I ran around the lake but could only get within about fifty meters before the brush got thick. I stopped, took a few deep breaths to steady my heart, and drew a bead off-hand. The snake was moving so I had to lead him just a hair.

Water moccasins have a characteristic speckled belly. This 5.5-foot beast is six inches short of the world record for a cottonmouth. Sheesh.

The first round was right off his nose. The second was a bit behind. The third centerpunched the monster’s head. It sounded like I had hit a side of beef with a boat paddle. The massive snake rolled, showing me its cream-colored speckled belly. I jogged over close, found a small hole in the brush, and hit him with a single round of insurance amidships. A stream of bubbles erupted, and he headed down to meet Old Hob.

Trust me, this stuff shoots straight. However, turns out I needed more than ten rounds this particular day.

I caught my breath, suddenly feeling really good about being me. My beautiful bride had that “My hero!” look in her captivating eyes. One less water moccasin meant the world was now a better place. However, I needed some more ammo.

This top notch TacSol rifle fed quality ammo is a snake-slaying machine.

I jogged back to the house and dropped a box of fifty Federal Premium Hunter Match hollowpoints in my pocket. As I headed back to meet my wife I saw number two.

This particular day there was a bit of an infestation.

This one was almost but not quite as big as the first. He was heading across the lake at a leisurely pace. This time I could quietly slip around to roughly where the serpent planned to make landfall. He stopped about twenty-five meters out, curled his head back, and stared at me all hungry-like. I popped him between the eyes with a single round. My security shot pithed his gut, but he still floated.

A water moccasin actually has a fetching hide once it is properly prepared. I soak mine generously in glycerin and alcohol before stretching them on a board.

If the hides aren’t terribly perforated I like skinning these things. The entrails smell like rotten fish, and you want to mind the pokey bits at the front. However, soak the skins in a 50/50 mixture of glycerin and rubbing alcohol and then stretch them out on a board and they’re quite pretty. The last couple of nice ones I had got eaten by something in my workshop. This would make a splendid replacement.

Number three made his debut as I paddled out to fetch number two.

I ran over and mounted the canoe to fetch the demised beast. About halfway there number three broke cover and started trekking left to right. I paddled like a madman on an intercept course. Once within about twenty meters I swapped my paddle for my rifle and judged the geometry of the engagement.

This is the Goalkeeper CIWS (Close-In Weapon System). This automated close-range anti-aircraft/anti-missile system has got nothing on the human brain.

The snake was moving left to right, while the canoe was slowing down of its own accord. I was about to launch a 40-grain bullet at about 1,000 fps from a moving platform at a moving target. Churning through all that math would have been a Gordian chore for a computerized fire control system. However, the system God designed that perches atop my homely shoulders managed it all in an instant. I blew this guy’s head off with a single round. Three up, three down, all in the span of ten minutes.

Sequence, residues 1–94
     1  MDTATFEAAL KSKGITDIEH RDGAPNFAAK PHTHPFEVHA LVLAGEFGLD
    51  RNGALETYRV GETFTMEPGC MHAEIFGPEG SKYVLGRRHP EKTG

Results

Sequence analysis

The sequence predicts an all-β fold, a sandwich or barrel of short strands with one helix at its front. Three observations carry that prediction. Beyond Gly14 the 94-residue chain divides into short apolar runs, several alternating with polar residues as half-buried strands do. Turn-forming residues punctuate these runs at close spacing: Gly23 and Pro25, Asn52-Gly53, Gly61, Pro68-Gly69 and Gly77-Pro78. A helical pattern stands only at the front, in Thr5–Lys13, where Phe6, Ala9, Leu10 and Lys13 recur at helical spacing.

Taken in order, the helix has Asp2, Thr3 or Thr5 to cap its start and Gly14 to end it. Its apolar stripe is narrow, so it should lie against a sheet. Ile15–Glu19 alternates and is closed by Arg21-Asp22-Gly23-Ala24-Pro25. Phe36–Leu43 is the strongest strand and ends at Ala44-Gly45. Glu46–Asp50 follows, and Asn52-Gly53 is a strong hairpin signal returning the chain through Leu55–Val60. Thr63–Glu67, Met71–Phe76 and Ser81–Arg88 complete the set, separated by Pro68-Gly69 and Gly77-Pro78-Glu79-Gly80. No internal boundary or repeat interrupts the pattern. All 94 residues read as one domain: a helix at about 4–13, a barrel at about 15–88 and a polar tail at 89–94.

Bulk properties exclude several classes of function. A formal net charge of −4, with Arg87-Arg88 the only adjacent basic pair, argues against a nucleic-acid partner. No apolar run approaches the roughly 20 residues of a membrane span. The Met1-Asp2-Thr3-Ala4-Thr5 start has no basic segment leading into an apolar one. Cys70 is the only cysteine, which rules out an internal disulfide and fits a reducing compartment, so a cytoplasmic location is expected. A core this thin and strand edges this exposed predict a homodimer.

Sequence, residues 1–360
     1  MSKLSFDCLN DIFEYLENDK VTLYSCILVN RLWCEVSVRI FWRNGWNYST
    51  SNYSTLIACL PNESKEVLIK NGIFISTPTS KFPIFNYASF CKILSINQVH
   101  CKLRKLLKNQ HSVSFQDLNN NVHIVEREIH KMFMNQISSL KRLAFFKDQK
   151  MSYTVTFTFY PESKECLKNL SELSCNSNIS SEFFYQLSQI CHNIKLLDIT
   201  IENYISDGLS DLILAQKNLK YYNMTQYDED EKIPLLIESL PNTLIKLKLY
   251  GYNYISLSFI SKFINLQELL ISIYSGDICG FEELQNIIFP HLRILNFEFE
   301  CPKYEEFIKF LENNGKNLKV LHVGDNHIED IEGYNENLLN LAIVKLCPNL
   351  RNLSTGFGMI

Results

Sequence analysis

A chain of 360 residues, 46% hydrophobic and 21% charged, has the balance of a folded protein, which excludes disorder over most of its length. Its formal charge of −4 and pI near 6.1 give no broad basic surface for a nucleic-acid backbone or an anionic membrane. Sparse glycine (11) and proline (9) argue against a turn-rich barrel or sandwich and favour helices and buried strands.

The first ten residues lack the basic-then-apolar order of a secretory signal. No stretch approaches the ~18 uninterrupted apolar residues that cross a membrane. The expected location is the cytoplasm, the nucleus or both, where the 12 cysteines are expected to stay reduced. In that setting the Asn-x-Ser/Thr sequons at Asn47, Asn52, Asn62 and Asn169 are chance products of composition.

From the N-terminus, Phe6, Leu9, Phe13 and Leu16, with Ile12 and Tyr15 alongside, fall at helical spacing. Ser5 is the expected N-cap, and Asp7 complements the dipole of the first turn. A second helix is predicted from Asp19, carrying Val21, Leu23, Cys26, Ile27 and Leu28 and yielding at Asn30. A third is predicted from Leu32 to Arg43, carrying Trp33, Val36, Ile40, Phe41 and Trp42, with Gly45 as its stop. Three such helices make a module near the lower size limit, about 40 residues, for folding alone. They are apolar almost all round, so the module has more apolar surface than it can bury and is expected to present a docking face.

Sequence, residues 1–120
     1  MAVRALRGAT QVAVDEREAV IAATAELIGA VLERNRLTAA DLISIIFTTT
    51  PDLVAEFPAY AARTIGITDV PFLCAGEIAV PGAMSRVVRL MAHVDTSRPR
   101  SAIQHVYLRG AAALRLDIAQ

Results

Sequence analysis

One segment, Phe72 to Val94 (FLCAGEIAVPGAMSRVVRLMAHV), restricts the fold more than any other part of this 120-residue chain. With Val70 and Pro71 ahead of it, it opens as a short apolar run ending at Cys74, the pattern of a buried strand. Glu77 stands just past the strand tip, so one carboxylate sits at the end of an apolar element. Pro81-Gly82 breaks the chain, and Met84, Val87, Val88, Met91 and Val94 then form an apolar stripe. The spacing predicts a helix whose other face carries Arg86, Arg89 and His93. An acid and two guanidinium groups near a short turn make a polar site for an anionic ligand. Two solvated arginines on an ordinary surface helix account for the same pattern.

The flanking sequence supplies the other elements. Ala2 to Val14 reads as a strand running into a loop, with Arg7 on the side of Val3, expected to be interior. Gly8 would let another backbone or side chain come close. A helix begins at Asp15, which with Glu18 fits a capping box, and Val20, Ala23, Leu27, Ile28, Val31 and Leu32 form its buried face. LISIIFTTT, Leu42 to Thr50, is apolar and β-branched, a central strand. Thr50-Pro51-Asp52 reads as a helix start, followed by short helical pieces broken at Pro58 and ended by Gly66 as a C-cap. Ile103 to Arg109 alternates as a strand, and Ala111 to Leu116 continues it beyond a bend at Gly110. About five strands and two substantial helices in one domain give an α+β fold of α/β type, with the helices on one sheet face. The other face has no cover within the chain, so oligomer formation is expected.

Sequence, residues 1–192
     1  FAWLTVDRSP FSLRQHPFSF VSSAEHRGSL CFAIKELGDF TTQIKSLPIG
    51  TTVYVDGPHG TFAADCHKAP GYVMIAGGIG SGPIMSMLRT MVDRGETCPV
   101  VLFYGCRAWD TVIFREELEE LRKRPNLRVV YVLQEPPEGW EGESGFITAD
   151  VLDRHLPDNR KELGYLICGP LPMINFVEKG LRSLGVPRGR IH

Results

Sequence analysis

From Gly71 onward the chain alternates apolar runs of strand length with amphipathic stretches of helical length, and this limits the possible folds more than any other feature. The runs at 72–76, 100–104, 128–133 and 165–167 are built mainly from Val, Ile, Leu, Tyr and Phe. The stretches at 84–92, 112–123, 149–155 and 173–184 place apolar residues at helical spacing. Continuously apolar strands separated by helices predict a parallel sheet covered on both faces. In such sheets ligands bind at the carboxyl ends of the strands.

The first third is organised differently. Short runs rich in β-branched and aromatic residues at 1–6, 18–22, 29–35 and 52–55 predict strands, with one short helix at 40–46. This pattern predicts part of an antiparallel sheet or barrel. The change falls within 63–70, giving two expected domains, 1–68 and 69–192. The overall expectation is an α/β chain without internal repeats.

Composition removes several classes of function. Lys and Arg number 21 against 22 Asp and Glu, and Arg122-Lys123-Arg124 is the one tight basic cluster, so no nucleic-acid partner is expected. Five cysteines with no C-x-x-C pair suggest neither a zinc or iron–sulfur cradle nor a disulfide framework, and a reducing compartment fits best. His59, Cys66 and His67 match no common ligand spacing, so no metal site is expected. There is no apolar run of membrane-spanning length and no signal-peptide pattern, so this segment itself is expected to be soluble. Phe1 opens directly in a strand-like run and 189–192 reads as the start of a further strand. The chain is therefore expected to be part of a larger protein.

The Gun

This is a simply magnificent .22 rifle. It costs a holy fortune. However, you get what you pay for. The gun is just stupid quiet, and it shoots like a laser.

A brace of c-notes will land you a fabulous base model Ruger 10/22 from your local Walmart. This gun shoots straight and well. Many’s the burgeoning shooter has cut his or her teeth on such an entry-level smoke pole. However, the suppressed TacSol X-Ring Takedown rifle is the .22 rifle for professionals. 

The oversized charging handle can be arranged on either side.

Everything about this gun is literally perfect. The extended charging handle is reversible. I keep mine on the left so I can run it with my weak hand.

The TacSol X-Ring Takedown rifle breaks down and then snaps together for handy storage or portage.

The Magpul X-22 Backpacker furniture is indestructible and nicely executed. Lock the bolt to the rear, pull forward on a spring-loaded stud, give the barrel a twist, and the gun breaks in half for storage. The front half snaps into the bottom of the stock to make a nice compact package. Assembly takes less time to undertake than to describe.

The extended magazine release is handy and easy to use.
Three standard ten-round rotary magazines ride comfortably inside the Magpul stock.

The 6061-T6 aluminum receiver has a built-in 15-MOA Picatinny rail for optics, and there’s a rear port for cleaning access. The Ruger BX trigger breaks like a prom queen’s heart, while the extended magazine release makes mag changes fast and painless. The all-up weight of this gun is a paltry 3.7 pounds, so it is easy to tote.

The fiber optic front sight mounted to the suppressor is both easily accessed and patented.

My X-Ring Takedown rifle also sports a TacSol TSS integrally-suppressed barrel. This suppressor is the same diameter as a bull barrel, so it fits the Backpacker stock perfectly. It also includes a top-end set of fiber optic sights mounted both front and rear.

TacSol offers a full line of .22 suppressors. The Pac-Lite IV integrally suppressed upper (left) is a drop-in upgrade for the Ruger 22/45 pistol. The Aeris micro rimfire suppressor is proper 007 kit.